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Saturday, July 21, 2001



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The pros and cons of stem cells

Aparna Krishnan

NEW DELHI, July 20

HOW safe are GMFs (genetically modified foods)? Can we use stem cells in embryos for fertilisation? Are transgenic seeds viable? These were some of the concerns that practically overshadowed the main theme of the International Biotechnology Conference in New Delhi. That theme being Formulating Regulatory Reforms.

In fact, as one delegate pointed out, the very basis of what biotechnology stands for and is understood as, was debated time and again. Participants included scientists and those from industry and the farming community. They debated on the perils and ben efits of biotechnology.

Different technological methods were cited as scientists and industry exchanged notes over the three-day session. As a panelist said, it was felt that the time allocated was not enough. ``Growth hormones, hormone replacement therapy, human insulin throug h transgenic animals, bioinformatics, genomics, proteonomics, the list is endless,'' she said.

Whether India can surge ahead in the biotechnology (BT) race as it did in information technology, albeit starting off 10 years late, was a question posed often by the independent participants. Many were optimistic while others disagreed.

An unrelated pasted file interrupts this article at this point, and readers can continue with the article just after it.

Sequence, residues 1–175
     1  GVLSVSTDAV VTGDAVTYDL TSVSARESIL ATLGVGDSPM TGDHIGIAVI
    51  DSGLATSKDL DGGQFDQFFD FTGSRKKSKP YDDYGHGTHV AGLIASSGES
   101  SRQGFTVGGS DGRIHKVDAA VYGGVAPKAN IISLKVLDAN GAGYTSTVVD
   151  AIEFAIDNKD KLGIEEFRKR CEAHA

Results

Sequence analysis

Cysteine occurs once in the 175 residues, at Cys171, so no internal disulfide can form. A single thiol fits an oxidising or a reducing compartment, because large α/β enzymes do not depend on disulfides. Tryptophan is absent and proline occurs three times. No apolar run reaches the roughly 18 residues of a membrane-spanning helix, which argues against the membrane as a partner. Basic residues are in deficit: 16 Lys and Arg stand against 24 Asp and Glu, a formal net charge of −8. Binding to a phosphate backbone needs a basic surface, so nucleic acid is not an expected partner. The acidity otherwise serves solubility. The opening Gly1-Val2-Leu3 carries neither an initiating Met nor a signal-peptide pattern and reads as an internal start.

One of them, Mr Sharad Joshi, Chairman, Task Force on Agriculture, said in his opening address that although IT and BT were dubbed India Technology and Bharat Technology, the average farmer still has to grapple with traditional problems such as irrigatio n and power. ``I don't think that biotechnology can forge ahead when basic issues are not tackled. One still expects the farmer to work with age-old methods,'' he said.

However, the farmer's representative also said: ``Give us the right to chose the transgenic seeds and technology. We will work out from there.''

Dr Gurudev Kush from the International Rice Research Institute, who had been involved in the research of Golden Rice said: ``Nature of food should be the issue rather than the methods.''

Concerns over the safety standards used, especially during clinical trials involving animals dominated sessions across the board, as well as the ethical issues involved.

The scientific community talked with zeal about the various opportunities that biotech would throw open.

The bubble burst in the session dedicated to non-Governmental organisations. Dr Amitava Mukherjee of Development Tracks, said: ``It is a myth that biotechnology is totally safe. There are certain hazards involved that should also be highlighted.''

Issues such as whether the technology would be relevant and permeate to the grassroot levels were raised. Mrs Suman Sahai of Gene Campaign, India, questioned the relative secretive nature of corporates mainly in R&D. ``Exclusive and proprietary nature of companies for every research project is not right as genetic resources are every individual's property,'' she said.

The moot point at the end of the day, would be that biotechnology is likely to invade an average Indian's life much like information technology did.

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